Well, I’ve eaten my Gyro (brought to us by Greek immigrants, and pronounced “Hero”) and my curly fries. Now I’m going to kick back and watch some Philomena Cunk videos from the BBC. Her malapropisms and ‘splanations are just brilliant. Some of her topical humor sails right by me because I don’t have the cultural context to “get” it, but the rest of it is hilarious.
. . . Gang a-gley this morning when I put my car key into the Greyola’s ignition, turned it, and it clicked at me. The car wouldn’t start because the battery was dead. The Greyola is a 2015 Toyota Corolla bought in November of 2014. It has 18,499 miles (29,771 km) on it, which includes 4,754+ highway miles (7651 km). When I got my first car shortly after Rome fell to the Goths, my dad cautioned me not to drive the wheels off it. I took his advice to heart. Which is to say, the battery that died was the battery that was in it when it left the showroom. (I’m the one who traded in the Crayola, a 27-year-old, 1987 Toyota Corolla with 44,489 actual miles on it for this car, remember?)
Well, zut alors. Decision time. I have to be at JACC in 30 minutes (I allowed 15 minutes to cruise through three parking lots looking for someplace to park.) I could call Security and get them to boost the car with their battery pack thingy and maybe start it, but then what? Will it start in the parking lot when it’s time to go home? Decision made. Hauled my chemo bag and purse out of the front seat and schlepped as fast as I could manage back up the hallway, round the corner, past the swimming pool and the weight room, across the front lobby, up to the receptionist’s desk. J is on duty this morning and without the benefit of antihistamines by the look of it. Puffing and blowing like a steam engine at the station, I explain to her the situation. Takes me 5 minutes to talk her through the decision making process it took me 20 seconds to go through. Transportation provides rides to medical appointments for free, but they need at least 24 hours’ notice. I need to be there in 25 minutes.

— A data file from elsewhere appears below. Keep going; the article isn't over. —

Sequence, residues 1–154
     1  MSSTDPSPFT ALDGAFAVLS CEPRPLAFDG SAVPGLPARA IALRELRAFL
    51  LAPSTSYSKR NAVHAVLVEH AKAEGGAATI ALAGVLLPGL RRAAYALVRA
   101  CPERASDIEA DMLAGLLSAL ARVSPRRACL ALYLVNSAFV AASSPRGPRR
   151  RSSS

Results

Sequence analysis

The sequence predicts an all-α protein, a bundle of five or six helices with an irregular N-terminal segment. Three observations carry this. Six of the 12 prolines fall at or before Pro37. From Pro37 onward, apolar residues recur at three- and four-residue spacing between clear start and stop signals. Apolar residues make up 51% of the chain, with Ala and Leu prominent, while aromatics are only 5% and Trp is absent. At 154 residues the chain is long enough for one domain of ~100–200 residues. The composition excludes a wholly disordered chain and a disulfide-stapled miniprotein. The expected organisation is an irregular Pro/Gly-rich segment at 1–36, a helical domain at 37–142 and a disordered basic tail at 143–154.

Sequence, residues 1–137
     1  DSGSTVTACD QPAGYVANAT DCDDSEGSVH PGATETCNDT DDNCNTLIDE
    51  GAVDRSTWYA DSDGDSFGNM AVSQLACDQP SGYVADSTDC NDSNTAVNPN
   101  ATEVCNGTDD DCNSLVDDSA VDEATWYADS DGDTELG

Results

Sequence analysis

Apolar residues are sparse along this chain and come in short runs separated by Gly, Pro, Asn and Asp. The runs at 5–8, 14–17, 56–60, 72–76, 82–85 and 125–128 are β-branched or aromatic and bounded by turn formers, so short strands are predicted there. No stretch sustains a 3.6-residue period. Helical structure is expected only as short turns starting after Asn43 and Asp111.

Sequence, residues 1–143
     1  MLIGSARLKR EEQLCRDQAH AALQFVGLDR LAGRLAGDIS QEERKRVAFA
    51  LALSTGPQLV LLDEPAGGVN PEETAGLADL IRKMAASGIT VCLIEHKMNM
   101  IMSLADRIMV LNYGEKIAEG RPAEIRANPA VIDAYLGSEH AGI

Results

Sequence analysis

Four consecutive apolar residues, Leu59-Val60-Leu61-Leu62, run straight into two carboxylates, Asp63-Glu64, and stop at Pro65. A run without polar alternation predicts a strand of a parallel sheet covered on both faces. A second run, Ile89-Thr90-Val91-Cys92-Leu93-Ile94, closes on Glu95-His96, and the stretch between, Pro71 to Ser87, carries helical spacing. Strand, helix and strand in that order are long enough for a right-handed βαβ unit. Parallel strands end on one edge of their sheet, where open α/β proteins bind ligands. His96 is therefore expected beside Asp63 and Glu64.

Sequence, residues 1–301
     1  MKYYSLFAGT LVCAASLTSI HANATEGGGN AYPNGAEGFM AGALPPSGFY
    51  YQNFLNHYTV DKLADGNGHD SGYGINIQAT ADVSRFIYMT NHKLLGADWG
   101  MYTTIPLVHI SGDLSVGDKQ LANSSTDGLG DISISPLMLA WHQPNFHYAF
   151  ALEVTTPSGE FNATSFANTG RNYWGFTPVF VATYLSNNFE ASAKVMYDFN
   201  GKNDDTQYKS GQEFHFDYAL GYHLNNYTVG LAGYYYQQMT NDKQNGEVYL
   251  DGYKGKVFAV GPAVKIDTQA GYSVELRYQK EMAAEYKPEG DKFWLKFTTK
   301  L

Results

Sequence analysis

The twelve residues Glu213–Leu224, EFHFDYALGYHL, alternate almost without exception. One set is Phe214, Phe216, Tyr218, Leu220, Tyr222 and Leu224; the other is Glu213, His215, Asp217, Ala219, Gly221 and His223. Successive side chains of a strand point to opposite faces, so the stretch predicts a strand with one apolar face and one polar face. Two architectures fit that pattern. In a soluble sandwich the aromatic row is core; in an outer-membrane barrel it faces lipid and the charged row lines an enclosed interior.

Thankfully, they had a driver who could take me, and I got there at 8:45 a.m., right on time to wait the obligatory hour in the waiting room before going back to the lab for port placement and blood draw. Then I went up the little stairs and across the hall to wait the obligatory hour in the doctor’s waiting room to see my oncologist (to be fair, they needed time to process my lab draw and obtain results). The oncologist talked about a trial of Rituxan. Now that COVID seems to have settled down and Omicron has burned itself out, he’s throwing it back on the table. Rituxan is the brand name of rituximab that is used to treat non-Hodgkin’s lymphoma (what I have) and chronic lymphocytic leukemia (what it could convert to — i.e., bad to worse). (Yeah, some of the side effects are bad, badder, and very bad, but my oncologist thinks it’s the best bang for my buck.) That -mab suffix at the end of the generic drug name means that it’s a Monoclonal AntiBody. What monoclonal antibodies do is put a big red tailor-made target (antibody) on the baddie cells just like a vaccine does, so your immune system can find and attack the (cancer) cells the Rituxan has targeted. This means swatting flies with a claw hammer instead of a nine-pound sledge hammer. Or, for the NRA crowd, selectively targeted .22 rounds versus both barrels of a 12-gauge shotgun at close range x 6. Yes! x 6. After today, I’m halfway through a course of 6 rounds of COP chemotherapy. (*does the happy dance seated in a desk chair because it’s 10 p.m. and I’m running out of spoons.)
To tell the truth, I’m thinking seriously of going for the Rituxan. I’ve had it before, but I had it in combination with bendamustine. Both my oncologist and I are pretty convinced that it was the bendamustine causing the lion’s share of the problem I had then and not the Rituxan. It is a more targeted therapy. Granted, it has some scarey potential side effects but I’m relatively young. What’s important to me is quality of life. I don’t want to live another 25 years if those 25 years are a continual never-ending, Sisyphean, rolling-the-boulder-uphill slog.)